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Bi-Vocational Pastoring and the Christendom Imagination: John Starke and Me

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My internet buddy John Starke (I don’t really know John except through internet exchanges of various kind) wrote a post a couple weeks ago (see it HERE) cautioning against bi-vocational pastoring. It was a warning of sorts. Don’t go into bi-vocational ministry or any ministry for that matter without counting the costs. I’m with John on that. But I would add a different caveat. Don’t go into bi-vocational pastoring without a new imaginary for what ministry and church life can be. Don’t enter bi-vocational ministry thinking this is the same old idea of professional ministry just sliced and diced a bit differently. Bi-vocational ministry requires a whole new imaginary.

Such an imaginary might look like this:

Start by Getting a Full-Time Job First-Then Look to Minister

John says “there’s a significant difference between working two ministry jobs and having two different jobs in two different industries. The challenges are different and more severe for those coming home from a 9–5 job to do ministry.” I’m with John here as well. But for the record, when I speak of bi-vocational pastoring I am talking specifically and only about someone who gets the 9-5 regular job. For me this is the starting point for bi-vocational pastoring. Start by getting a job and/or a job skill that you can use to support yourself entirely. Get situated. Then cultivate ministry on the ground.  I was that person. John says that the momentum for bi-vocationalism “is coming from those who are not bi-vocational or those who are working two ministry jobs.” For the record, I worked in financial services for 18 years. It is from this place that I planted a church. It is true that I am now a professor of theology. But I became a full time (I was adjunct prior) only 9 years ago and I am an old man in my fifties. When John talks about the difference between working 2 jobs and doing ministry from 9-5, I think this is such an important distinction. I highly recommend not doing the former – getting a job as an add-on to your ministry career. This is murder. And anybody who does this, I suggest, ends up not getting it. They risk destroying their lives and the people they are ministering to (as opposed to with). I recommend you start by getting a job, situate yourself in a community, develop a rhythm of life and then begin leading ministry.

Bi-Vocational Pastoring Abolishes the Single Lead Pastor at The Top

John says “When an individual takes on the role and office of pastor, he’s called to do many things: preach (2 Tim. 4:2), teach (1 Tim. 3:2; Titus 2:1); the work of evangelism (2 Tim 4:5); hospitality (Titus 1:8; 2 Tim. 3:2); teaching, discipleship, counseling (2 Tim 2:2); leadership training (Titus 1:5; 2:4; Eph 4:2); and pray (Acts 6:1–6).” John gives credence to those who advocate a plurality of leaders to do all of this work, but in the end he says “that doesn’t keep a pastor from being responsible to do all these things.” For John, the pastor must be an exemplar in all these tasks. It’s here where everyone who knows John and myself must realize we are now talking about two different things when we use the words “bi-vocational pastor.” I really do believe the church is called to into a multiplicity of leadership if it wishes to engage mission. There can be no hierarchy in the church on mission because hierarchy centralizes authority and power. For a church to engage Mission we must do the opposite: disperse authority and power.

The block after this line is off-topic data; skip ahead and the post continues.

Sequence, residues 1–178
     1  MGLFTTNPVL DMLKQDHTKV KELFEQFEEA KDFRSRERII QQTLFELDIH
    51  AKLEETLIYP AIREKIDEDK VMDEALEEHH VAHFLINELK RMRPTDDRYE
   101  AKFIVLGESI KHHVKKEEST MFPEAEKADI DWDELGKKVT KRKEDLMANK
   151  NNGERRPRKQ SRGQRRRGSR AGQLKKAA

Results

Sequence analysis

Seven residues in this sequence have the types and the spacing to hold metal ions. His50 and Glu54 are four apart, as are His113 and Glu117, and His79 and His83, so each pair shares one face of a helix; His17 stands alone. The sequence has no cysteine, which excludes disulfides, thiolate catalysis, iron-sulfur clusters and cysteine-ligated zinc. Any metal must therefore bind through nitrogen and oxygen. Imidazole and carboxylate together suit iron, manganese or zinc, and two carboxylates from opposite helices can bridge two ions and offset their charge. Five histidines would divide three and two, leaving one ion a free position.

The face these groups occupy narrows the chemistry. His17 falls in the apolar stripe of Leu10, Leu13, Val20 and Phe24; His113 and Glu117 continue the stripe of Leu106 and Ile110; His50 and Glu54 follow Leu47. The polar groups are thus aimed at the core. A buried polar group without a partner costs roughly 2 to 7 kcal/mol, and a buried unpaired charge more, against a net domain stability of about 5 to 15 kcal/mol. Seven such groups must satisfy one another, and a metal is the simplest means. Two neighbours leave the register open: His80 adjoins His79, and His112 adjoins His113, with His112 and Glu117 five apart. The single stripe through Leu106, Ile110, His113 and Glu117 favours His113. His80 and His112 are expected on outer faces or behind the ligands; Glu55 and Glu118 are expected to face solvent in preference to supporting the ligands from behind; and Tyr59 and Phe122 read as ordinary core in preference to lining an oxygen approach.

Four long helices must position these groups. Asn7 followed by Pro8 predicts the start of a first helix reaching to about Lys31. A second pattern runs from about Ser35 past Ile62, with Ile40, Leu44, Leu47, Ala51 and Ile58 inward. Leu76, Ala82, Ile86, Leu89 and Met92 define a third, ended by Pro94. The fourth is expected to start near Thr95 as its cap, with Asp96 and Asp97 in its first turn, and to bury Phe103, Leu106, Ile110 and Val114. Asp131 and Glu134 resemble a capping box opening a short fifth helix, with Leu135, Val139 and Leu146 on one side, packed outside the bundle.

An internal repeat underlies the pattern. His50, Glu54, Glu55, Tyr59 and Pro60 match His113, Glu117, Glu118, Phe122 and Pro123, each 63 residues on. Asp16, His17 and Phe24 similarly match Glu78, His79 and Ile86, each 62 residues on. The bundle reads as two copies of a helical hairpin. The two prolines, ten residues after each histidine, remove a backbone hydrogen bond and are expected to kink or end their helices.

In a multiplicity of leaders, there are a group of leaders each one, leading out of their giftedness, recognized and charged to then empower the rest of the congregation into their giftedness. Hierarchy, for me, is a sign that we have entered the management of ministries and services to Christians. This smacks of Christendom (an understanding of church and culture that negates mission). Instead, in Mission, we organize the church to live empowered lives of ministry in mission among non-Christians. There will still be ministry going on among Christians and to Christians, but the dynamic and arrangement will look differently. To reiterate again, it takes a different imaginary. I urge the reader at this point to Google me, JR Woodward, Alan Hirsch, polycentric leadership, five-fold gifting etc. etc.

It is important to notice that John starts with the Pastoral Epistles to derive his architecture if leadership. I start with Romans 12, 1 Cor 12, Eph 4 and the gifting passages. I suggest we interpret all the offices referred to in the Pastoral Epistles in light of the earlier Pauline texts on the gifts. In the 50’s, German protestant (centered around post Bultmannian – Ernst Kasemann) New Testament scholars accused the pastoral epistles of Early Catholicism. They said that the pastoral epistles were post Pauline and showed signs of losing the gifted/charismatic nature of the church for a more institutionalized hierarchy. I disagree. I think you can see signs of the spiritual gifts as the driver that leads to ordination and office in the pastorals. I also think we should be careful reading hierarchy into the pastorals. I think John Starke reads the pastorals first and then the charismatic passages second. I do the reverse. When you read the charismatic passages as hermeneutically prior to the Pastorals, you end up seeing the organization as facilitating the gifts leading to a multiple pastorates. When you do the reverse, you end up seeing gifts ordered (and confined) by the institutionally installed offices. To be bi-vocational in the way I have described, you need a hermeneutic driven by the charismatic gifts. That’s a different imaginary. Personal confession: I once wrote a whole New Testament Masters Thesis on this.

Not Two Jobs, but One Life